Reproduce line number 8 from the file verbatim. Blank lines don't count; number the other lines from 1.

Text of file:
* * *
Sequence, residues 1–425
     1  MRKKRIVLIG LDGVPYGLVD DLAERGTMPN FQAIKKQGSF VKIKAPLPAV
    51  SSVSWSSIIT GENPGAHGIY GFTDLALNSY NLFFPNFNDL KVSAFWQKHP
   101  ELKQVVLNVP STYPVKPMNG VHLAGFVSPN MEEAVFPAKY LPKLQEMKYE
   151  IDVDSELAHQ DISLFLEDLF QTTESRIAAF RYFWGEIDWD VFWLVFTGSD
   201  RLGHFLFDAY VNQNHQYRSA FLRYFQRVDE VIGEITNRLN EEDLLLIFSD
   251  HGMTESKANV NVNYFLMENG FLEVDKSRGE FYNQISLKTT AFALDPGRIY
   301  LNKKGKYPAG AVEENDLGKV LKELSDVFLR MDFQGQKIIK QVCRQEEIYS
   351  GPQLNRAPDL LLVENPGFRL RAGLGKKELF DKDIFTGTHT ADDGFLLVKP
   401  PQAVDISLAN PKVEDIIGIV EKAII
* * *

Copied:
   301  LNKKGKYPAG AVEENDLGKV LKELSDVFLR MDFQGQKIIK QVCRQEEIYS